Nursing Unions Begin Contract Talks at Cooper, Virtua Memorial Hospitals - Health Professionals & Allied Employees

Nursing Unions Begin Contract Talks at Cooper, Virtua Memorial Hospitals

Health Professionals and Allied Employees

110 Kinderkamack Road

Emerson, NJ 07630



For Immediate Release  March 20, 2014                                   

Contact:  Jeanne Otersen, 201-280-9279

Winning safe nurse staffing levels for patient care is a top priority for nursing unions currently in contract bargaining talks with two major hospital systems in NJ: Virtua Memorial Hospital of Burlington County and Cooper University Health Care.  Both unions are affiliated with the Health Professionals and Allied Employees (HPAE), NJ’s largest healthcare union of 12,000 nurses and health care workers.

Pointing to numerous studies citing the direct link between nurse staffing levels and patient satisfaction, outcomes, and complication rates, nursing union leaders are pushing for limits on the number of patients assigned to nurses, as well as policies for recruitment and retention of nurses.

Nurses are also looking for protections for their collective bargaining rights as hospitals expand their services and consolidate or merge with other healthcare entities.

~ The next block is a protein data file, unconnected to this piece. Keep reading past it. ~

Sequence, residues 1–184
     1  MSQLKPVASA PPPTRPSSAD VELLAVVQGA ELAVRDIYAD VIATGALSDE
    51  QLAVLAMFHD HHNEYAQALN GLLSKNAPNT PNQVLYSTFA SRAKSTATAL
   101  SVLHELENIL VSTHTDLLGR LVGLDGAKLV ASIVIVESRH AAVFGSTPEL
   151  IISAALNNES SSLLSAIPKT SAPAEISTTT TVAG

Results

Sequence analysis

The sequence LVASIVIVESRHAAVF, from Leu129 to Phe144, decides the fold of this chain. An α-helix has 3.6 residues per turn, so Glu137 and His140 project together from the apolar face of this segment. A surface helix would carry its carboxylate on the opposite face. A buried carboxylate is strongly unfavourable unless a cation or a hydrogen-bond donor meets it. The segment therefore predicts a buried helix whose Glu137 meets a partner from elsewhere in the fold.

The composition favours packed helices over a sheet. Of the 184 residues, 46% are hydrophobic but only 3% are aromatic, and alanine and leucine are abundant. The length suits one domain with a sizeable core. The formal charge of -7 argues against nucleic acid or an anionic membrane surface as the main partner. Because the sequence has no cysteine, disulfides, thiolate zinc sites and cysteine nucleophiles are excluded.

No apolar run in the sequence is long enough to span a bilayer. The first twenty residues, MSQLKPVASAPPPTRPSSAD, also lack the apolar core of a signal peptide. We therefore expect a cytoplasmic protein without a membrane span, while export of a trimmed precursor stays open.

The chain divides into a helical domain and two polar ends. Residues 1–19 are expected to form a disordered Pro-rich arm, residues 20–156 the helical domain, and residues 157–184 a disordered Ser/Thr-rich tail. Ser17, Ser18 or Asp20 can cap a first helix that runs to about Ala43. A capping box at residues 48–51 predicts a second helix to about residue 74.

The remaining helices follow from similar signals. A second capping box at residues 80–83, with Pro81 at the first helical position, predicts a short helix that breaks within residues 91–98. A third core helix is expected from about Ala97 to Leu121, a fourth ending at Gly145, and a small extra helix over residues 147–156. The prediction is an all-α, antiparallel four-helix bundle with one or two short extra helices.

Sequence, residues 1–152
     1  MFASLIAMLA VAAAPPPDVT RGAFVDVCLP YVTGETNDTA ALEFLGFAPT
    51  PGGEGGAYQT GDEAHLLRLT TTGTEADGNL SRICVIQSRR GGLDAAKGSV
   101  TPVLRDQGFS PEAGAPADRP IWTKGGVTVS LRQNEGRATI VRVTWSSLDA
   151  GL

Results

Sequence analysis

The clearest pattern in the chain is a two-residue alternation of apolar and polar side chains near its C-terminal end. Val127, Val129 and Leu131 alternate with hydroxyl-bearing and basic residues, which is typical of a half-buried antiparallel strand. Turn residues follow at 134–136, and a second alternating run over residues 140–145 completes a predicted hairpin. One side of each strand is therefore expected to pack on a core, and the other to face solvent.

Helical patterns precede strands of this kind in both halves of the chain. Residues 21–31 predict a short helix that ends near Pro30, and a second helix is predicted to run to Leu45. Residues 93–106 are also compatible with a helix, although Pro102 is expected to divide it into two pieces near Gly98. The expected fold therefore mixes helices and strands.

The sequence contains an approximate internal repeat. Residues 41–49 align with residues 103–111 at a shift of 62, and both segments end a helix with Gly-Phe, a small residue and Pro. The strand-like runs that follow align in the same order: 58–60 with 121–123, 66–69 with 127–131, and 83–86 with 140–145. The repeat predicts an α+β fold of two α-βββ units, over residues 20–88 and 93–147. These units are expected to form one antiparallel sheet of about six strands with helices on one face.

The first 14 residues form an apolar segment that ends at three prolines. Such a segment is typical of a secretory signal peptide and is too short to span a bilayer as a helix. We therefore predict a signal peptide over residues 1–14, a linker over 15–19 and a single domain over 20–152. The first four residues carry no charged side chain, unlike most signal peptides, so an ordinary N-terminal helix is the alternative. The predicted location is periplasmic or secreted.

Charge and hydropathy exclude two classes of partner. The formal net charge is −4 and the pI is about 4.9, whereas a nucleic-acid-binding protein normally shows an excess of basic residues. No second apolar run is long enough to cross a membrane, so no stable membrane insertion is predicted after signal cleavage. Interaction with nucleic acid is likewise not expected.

“In a rapidly changing health care delivery system, a nurse’s ability to speak up, advocate for safe patient care and negotiate for safe care and safe and secure working conditions is vital.  The nurse is the one constant, providing care every day, even while employers merge, sell or expand, and look for new ways to cut costs or increase market-share ,” said Doris Bell, an RN and president of the 1,000 member HPAE local 5118 at Cooper.

At Cooper University Hospital, more than 150 RNs showed up at the first bargaining session to show their support for their union contract.  At Virtua, bargaining between the Registered Nurses union and hospital began on Thursday, March 20th.  According to Debbie White, President of Local 5105, Virtua Memorial Hospital, "Never have we seen a time where the job of the nurse has been so complicated.  In order to care for our patients effectively and meet the demands of healthcare reform, it is imperative that we address the issue of staffing at the table."   Both contracts expire on May 31, along with a number of other HPAE union locals in northern NJ. 

 HPAE has also launched a state-wide campaign for a new safe staffing law to assure safe nurse staffing levels in every hospital in New Jersey.  “Our laws governing hospital staffing for patient care have not been updated since 1987 – even while technology and patient care acuities have increased dramatically.  Every patient in every hospital in NJ has the right to receive the same high quality of nursing care,” said Ann Twomey, president of the statewide HPAE. 

HPAE has scheduled a lobby day for May 27, at which time they plan to present petitions signed by a few thousand RNs and NJ residents asking the NJ Department of Health to add safe staffing to the patients’ bill of rights.